These last couple of weeks have been surprisingly busy. No, hah hah hah, not all that busy with work or anything official like that…
Halloween weekend was a big one—I think I was at six parties in all, most of which with friends in Chongqing, but one of which was actually teaching-related. I had decided a couple of weeks ago to try to throw a big party for all of my classes. This adds up to something like 220 kids altogether, and so I asked various students to help plan it, including Bob, my “fixer.” Bob is perhaps the most outgoing and articulate of all of my students, and everyone knows him and talks about him, even the kids who aren’t in his actual class. (Remember that Chinese college students are each part of a “class” of students who are all of their major and with whom they share their complete course schedules and with whom they live in the dorms. It’s rather claustrophobic, from an American perspective.)
As the party approached, I was getting a little nervous that details weren’t coming together and that I had sunk too much of my own money into the affair (imported Halloween decorations from Metro, surprisingly not-that-cheap mediocre Chinese candy, and the surprisingly-expensive location rental). I didn’t see the location for the party until about two hours before it started when Bob took me there to drop off the decorations, and found it it was a gym. Not, like, a big open gymnasium—a gym, with exercise equipment and machines circled around an open floor where aerobics classes take place. Excellent. About 15 students showed up an hour before the party to help decorate, and create elaborate balloon garlands of their own volitions. Thirty minutes before party’o’clock (7pm) about 40 students were already there. “Fashionably late” may be a concept I teach some time.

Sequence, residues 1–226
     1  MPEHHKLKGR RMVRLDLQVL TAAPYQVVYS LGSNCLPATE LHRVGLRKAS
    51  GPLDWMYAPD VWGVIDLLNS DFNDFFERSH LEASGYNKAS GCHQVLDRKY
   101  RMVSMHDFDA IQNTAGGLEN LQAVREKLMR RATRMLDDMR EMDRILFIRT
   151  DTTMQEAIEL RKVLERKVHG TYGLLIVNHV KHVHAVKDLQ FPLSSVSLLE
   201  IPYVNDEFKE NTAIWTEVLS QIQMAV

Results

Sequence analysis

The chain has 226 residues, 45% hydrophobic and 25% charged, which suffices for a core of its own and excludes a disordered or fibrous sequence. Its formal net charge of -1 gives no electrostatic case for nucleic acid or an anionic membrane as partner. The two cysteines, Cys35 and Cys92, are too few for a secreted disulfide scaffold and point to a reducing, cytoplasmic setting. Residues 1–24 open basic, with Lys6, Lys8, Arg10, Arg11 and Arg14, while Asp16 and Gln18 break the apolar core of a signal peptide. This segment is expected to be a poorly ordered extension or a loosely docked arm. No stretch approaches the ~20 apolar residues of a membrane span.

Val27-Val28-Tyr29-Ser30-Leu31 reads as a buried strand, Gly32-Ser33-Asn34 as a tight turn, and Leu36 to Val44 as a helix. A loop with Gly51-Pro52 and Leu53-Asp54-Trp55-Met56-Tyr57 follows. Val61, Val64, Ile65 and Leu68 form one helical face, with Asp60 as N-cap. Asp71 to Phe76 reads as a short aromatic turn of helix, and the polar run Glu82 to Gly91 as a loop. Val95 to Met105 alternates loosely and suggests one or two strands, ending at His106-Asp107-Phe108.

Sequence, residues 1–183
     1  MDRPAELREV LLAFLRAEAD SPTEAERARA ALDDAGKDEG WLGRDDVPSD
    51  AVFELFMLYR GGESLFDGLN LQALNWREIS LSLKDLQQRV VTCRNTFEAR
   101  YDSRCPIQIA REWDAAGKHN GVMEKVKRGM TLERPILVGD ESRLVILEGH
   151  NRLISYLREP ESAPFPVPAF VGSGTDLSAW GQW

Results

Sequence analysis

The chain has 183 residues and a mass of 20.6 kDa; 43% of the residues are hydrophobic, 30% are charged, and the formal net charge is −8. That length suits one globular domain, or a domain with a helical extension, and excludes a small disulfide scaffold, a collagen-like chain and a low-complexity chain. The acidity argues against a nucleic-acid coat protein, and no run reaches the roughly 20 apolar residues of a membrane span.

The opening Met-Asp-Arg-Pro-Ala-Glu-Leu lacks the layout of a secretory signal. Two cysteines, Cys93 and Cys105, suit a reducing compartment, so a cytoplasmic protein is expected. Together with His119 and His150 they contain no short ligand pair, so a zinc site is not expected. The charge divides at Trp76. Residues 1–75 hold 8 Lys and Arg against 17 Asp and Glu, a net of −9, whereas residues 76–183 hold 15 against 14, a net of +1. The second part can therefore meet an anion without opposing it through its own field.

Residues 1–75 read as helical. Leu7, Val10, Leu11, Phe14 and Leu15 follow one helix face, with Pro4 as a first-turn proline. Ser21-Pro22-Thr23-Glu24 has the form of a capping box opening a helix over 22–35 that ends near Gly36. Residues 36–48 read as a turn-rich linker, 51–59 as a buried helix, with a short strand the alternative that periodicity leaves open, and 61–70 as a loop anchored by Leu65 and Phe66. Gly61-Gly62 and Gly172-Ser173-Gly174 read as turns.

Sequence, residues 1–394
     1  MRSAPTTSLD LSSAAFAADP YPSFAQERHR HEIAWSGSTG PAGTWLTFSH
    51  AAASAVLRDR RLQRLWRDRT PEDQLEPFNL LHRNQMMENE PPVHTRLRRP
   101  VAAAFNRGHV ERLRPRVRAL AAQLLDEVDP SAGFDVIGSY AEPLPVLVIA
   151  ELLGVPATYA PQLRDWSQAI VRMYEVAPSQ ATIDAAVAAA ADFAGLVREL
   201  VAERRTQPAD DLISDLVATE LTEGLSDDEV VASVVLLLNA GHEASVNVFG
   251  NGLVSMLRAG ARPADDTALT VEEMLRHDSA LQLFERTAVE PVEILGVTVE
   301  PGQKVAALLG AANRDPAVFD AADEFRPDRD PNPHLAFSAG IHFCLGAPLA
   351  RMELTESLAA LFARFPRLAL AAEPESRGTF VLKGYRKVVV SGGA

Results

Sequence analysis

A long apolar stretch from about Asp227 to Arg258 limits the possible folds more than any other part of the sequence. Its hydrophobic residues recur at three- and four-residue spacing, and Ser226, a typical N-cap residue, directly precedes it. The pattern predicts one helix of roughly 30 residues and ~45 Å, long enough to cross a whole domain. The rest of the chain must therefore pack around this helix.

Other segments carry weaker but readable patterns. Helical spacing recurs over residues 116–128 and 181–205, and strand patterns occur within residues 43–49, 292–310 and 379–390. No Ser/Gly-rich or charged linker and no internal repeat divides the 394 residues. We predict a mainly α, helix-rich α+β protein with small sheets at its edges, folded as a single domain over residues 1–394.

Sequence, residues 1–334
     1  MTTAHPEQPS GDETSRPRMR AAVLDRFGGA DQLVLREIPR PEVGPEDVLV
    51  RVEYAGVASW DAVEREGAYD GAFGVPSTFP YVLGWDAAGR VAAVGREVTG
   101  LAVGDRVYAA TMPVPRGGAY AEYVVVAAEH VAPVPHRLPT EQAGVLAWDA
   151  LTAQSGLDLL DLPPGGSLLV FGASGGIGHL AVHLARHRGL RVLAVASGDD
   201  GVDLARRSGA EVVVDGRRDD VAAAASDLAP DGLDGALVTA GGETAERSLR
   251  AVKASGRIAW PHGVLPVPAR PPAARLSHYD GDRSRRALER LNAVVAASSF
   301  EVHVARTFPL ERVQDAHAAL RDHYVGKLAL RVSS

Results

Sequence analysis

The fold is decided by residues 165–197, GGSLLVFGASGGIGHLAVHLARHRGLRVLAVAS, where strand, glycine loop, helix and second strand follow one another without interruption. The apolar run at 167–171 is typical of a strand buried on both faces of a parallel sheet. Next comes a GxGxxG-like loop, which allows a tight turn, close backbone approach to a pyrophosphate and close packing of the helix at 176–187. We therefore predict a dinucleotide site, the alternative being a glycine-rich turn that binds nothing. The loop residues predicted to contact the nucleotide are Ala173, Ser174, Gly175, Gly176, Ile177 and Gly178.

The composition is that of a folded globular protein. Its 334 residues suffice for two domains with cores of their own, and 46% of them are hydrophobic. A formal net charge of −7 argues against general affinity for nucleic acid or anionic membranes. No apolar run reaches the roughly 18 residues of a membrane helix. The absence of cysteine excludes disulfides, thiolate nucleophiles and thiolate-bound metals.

I had prepared a few games, since I didn’t know what the tenor of the party would be and how much structure the kids would want (I expected a fair amount would be needed, since Chinese parties usually feature sit-down dinners, planned speeches and performances to watch, and generally structured activities that involve neither (a) open-ended socialization or (b) dancing). But, I had put the musically-inclined student Jay-Z in charge of DJ’ing (obvi), so I hoped that maybe some of the kids would be inspired by the atmosphere and by my prompting to pretend like they were at an American-style party.
7-7:30: I greet the students. The vast majority of kids have arrived, maybe 120ish in all. Everyone, and I mean everyone, wanted to take pictures with me in my Star Trek jumpsuit, or of each other. So, so many pictures of me in jumpsuit, even though not one of them knew what Star Trek was (not even from the movie guys? No?) Jay-Z struggles with getting the sound system and music going properly. This struggle lasts through the evening.
7:30-7:50: I introduce our first game: wrapping someone up in toilet paper like a mummy. I have representatives from each class compete against each other.
7:50-8: A competitive game of Halloween charades is attempted but does not go over well. I cut it off short when I realize it has now been upstaged by…